The beer you get from this recipe will seem like a lighter, brighter pale ale with a flavor that is probably pretty clean and fruity. Over time it might develop those barnyard “Brett” flavors, but they should complement the peach/pineapple flavors nicely.
Since any general “top breweries” list will inevitably be dominated by breweries who make IPAs, we asked our readers about their favorite beers and brewers in these eight specific styles.
A dynamic American pale ale with developed malt and hops characteristics.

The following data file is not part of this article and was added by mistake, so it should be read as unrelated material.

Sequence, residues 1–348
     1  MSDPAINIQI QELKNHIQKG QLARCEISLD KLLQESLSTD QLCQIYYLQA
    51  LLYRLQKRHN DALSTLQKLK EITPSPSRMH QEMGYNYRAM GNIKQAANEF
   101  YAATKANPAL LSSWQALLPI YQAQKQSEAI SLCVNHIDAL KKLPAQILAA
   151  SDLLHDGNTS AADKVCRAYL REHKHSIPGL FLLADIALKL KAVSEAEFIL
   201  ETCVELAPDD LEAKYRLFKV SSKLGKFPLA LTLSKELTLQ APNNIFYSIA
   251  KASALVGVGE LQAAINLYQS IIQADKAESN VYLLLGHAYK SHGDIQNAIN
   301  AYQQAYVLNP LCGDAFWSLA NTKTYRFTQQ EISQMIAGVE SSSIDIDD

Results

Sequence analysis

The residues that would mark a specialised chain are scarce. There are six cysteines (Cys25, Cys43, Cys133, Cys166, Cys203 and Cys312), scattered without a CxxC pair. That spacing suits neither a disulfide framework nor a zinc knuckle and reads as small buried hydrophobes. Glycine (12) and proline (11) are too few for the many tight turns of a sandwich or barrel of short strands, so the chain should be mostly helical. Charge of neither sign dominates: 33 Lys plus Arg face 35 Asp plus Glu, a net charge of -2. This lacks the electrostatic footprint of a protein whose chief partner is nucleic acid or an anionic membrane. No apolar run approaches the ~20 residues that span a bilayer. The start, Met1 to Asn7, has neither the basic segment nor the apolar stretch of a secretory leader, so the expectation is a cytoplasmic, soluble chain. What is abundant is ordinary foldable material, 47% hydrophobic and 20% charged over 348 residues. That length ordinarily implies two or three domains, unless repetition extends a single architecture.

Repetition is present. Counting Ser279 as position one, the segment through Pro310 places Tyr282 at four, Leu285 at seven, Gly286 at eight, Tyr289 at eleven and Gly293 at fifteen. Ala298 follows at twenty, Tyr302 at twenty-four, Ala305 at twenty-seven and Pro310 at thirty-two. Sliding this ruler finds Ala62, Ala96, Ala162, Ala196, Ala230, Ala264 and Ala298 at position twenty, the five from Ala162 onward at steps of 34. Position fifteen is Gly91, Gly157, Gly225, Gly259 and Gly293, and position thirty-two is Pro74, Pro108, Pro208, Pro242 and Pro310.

A clean and simple dry-hopped pale ale designed by TRVE Head Brewer Zach Coleman.
We asked five brewers and industry pros from around the country to share recommended favorite pale ales.
In a proper pale ale, the focus is, correctly, on the hops. However, no matter whether that pale ale is British in origin, or American, or Belgian, or is from the new hazy school, the malt that goes into the recipe matters.
American Pale Ale should be a beer that drinks easily and highlights its American hops flavors and aromas. Its closest analog isn’t IPA; it’s British Golden Ale, Americanized! Here’s how to brew a great one.
As close to a flagship that Industrial Arts Brewing Co. gets, this American pale ale created by Jeff O’Neil is vibrant with Apollo, Simcoe, Cascade and Chinook hops. Folks wait in line for this at his brewery, and now you can make it at home.